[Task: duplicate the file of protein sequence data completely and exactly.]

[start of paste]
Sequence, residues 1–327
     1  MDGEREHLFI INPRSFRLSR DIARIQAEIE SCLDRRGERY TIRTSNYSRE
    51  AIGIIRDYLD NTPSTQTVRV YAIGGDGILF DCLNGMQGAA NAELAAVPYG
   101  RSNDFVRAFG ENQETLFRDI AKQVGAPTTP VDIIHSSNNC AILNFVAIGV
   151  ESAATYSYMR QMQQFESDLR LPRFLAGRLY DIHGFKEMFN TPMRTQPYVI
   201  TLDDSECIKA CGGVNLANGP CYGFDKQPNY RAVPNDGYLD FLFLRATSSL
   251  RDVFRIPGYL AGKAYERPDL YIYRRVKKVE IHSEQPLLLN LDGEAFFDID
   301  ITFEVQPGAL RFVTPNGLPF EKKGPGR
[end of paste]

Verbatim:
Sequence, residues 1–327
     1  MDGEREHLFI INPRSFRLSR DIARIQAEIE SCLDRRGERY TIRTSNYSRE
    51  AIGIIRDYLD NTPSTQTVRV YAIGGDGILF DCLNGMQGAA NAELAAVPYG
   101  RSNDFVRAFG ENQETLFRDI AKQVGAPTTP VDIIHSSNNC AILNFVAIGV
   151  ESAATYSYMR QMQQFESDLR LPRFLAGRLY DIHGFKEMFN TPMRTQPYVI
   201  TLDDSECIKA CGGVNLANGP CYGFDKQPNY RAVPNDGYLD FLFLRATSSL
   251  RDVFRIPGYL AGKAYERPDL YIYRRVKKVE IHSEQPLLLN LDGEAFFDID
   301  ITFEVQPGAL RFVTPNGLPF EKKGPGR